Digitization of the Art World: World’s First Mixed Reality Performance

Marina Abramović, a well-known Serbian performance artist, who is highly experimental with her work and combining her performance with the audience participation, exhibited “The Life” in 2019. The show took place in Serpentine Gallery, and mixed reality is used as a medium for the first time. It tackled the question of conveying the presence of an individual to another location which is in many people’s minds nowadays, but what does mixed reality mean and how Abramović made use of it? 

Mixed Reality

Mixed reality simply refers to blending the virtual reality and the real world. It is different from the AR (Augmented Reality) which is the concept you might be familiar with from Snapchat, and Instagram’s story features: AR puts the computer-generated objects on top of the real world and includes limited interactions with the reality. On the other hand, MR (Mixed Reality) does not locate the virtual object in the real world as the virtual object becomes part of our reality. This process of visualisation can either be done by adding the content to the real world or placing the real world items on virtual reality. 

“The Life”

The Life described as “the world’s first Mixed Reality performance artwork”, and the tickets sold out immediately even though it took only 19 minutes. It took part in a minimally decorated room, and all the participants needed to follow a procedure before coming into the exhibition area: they put all the devices that connected them to the real world (phones, laptops, ipads etc.) into the lockers and came into the zone without anything. Then, visitors wear special glasses and watch the performance of Marina Abramović without her being in the room. They see the digital version of the 72 years old artist that is created for The Life, which made the artist immortal for real. 

It is exciting to see how far today’s world’s limits are and how technological improvements can be beneficial for the art world, not only for the health industry or the economy. Furthermore, I believe that we will see the use of technology in the art industry more because of the current pandemic (one of the few impacts that I am grateful for). Marina Abramović was always experimental with technology and digitalisation, but she was only one of the few. Now more artists and art galleries are playing around with the concepts of virtual reality, augmented reality and mixed reality.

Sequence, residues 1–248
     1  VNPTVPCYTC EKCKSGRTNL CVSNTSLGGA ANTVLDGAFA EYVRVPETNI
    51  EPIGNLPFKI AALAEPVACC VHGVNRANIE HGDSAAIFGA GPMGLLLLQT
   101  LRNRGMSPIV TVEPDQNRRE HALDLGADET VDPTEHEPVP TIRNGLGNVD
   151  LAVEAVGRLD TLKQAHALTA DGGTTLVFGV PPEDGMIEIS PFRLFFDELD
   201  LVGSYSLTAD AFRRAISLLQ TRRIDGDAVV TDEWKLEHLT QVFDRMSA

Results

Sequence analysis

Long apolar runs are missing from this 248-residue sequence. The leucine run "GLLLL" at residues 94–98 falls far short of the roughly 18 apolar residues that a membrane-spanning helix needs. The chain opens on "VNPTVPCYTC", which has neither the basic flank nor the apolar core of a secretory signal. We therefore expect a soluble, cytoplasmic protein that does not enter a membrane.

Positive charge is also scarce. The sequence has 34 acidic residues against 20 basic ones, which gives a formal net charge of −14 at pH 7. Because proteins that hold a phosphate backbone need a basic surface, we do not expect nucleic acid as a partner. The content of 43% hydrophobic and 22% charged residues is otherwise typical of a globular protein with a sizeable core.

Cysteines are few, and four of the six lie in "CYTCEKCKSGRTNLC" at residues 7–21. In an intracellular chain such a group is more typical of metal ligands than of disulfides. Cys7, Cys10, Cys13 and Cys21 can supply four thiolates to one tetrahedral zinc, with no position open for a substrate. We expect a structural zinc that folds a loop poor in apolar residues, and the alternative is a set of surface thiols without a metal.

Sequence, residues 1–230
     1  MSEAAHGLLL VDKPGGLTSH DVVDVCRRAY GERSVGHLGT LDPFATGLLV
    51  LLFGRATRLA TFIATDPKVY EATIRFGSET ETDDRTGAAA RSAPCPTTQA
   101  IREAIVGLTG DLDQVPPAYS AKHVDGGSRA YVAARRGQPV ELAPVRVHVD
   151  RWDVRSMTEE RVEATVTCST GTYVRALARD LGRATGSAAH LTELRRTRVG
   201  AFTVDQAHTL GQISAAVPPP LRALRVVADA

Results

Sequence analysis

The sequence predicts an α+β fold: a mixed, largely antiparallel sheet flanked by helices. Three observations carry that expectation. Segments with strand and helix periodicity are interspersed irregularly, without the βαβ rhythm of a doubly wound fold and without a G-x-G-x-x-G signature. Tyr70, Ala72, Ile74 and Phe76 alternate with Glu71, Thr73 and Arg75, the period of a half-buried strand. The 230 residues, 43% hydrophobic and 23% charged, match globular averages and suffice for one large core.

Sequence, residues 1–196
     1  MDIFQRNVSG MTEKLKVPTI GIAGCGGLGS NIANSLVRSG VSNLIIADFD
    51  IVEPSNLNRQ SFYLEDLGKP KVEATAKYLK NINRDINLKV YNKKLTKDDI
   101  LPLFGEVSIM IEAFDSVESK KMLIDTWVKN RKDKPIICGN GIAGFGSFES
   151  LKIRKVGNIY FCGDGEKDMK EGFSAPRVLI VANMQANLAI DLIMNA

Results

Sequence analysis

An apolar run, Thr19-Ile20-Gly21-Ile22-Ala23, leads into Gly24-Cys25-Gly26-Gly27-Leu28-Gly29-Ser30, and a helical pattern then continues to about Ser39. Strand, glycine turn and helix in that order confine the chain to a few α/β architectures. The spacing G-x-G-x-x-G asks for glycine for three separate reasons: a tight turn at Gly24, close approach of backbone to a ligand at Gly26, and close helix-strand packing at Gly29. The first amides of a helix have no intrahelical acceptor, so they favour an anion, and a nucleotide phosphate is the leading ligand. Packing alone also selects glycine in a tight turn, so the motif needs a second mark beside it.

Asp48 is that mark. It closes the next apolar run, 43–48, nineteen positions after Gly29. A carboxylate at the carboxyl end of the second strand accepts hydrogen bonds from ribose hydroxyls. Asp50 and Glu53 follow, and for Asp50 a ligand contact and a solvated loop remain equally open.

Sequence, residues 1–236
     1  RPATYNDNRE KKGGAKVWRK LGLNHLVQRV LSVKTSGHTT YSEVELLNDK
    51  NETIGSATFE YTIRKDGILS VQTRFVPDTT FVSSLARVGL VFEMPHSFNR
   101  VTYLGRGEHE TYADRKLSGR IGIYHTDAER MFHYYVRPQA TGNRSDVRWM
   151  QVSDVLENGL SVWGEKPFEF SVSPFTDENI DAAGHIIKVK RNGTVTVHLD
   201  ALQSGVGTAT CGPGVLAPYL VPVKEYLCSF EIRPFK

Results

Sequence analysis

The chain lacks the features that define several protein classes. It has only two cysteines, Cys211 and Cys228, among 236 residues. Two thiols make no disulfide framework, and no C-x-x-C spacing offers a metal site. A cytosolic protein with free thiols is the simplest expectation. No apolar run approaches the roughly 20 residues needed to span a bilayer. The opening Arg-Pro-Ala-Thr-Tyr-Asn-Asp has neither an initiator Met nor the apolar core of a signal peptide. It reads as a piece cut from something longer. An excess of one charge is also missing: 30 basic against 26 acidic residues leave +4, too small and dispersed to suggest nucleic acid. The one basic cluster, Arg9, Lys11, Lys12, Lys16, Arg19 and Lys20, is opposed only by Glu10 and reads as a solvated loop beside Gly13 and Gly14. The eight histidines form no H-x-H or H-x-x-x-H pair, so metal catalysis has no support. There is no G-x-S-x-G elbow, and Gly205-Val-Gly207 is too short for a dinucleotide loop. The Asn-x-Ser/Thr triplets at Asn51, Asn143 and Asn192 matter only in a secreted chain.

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  • BenvanYperen
    Posted October 26, 2020 at 1:08 pm 0Likes

    I liked reading your blog. This was new for me. I can imagine that this technology can push boundaries but not only in art. I can think of more possible applications. For example in this way a general manager can speak to his employees not in a video message but in an almost live experience in all the locations of the company. Lectures are another possibility more inspiring this way than in a video clip.

  • Domnica Predescu
    Posted October 28, 2020 at 10:17 am 0Likes

    I loved the newness of your topic, as it combines art and technology. It just goes to show what endless possibilities there are when combining the two and how art truly becomes limitless.
    Having watched some of Marina’s interviews and seeing her documentary, I think this project perfectly encapsulates her vision, as for her a performance only stays alive if it is being reproduced or just performed again.
    I never thought of the re-performance from this angle…that she does not have to be physically present there, but rather convey the feeling that she is there through virtual reality.
    As you said yourself in your conclusion, this step and the ongoing experiments with art and VR are incredibly exciting, as it forces us to expand and maybe even redefine art altogether….Is it still a performance if it is being broadcasted without the physical presence of the artist?
    Do we even have to have their physical presence anymore?
    You could also take it one step further and relate it to the present times, how VR comes in handy with the corona crisis, and our limitations in regards to physical interaction.
    I am just wondering how such a VR experience can, or better said IF it can reciprocate the interactive character many of her performances have, such as the one held in the MET. She clearly thrives from the audience and their participation….How could that look like with VR?

    Thanks again for the great pitch!

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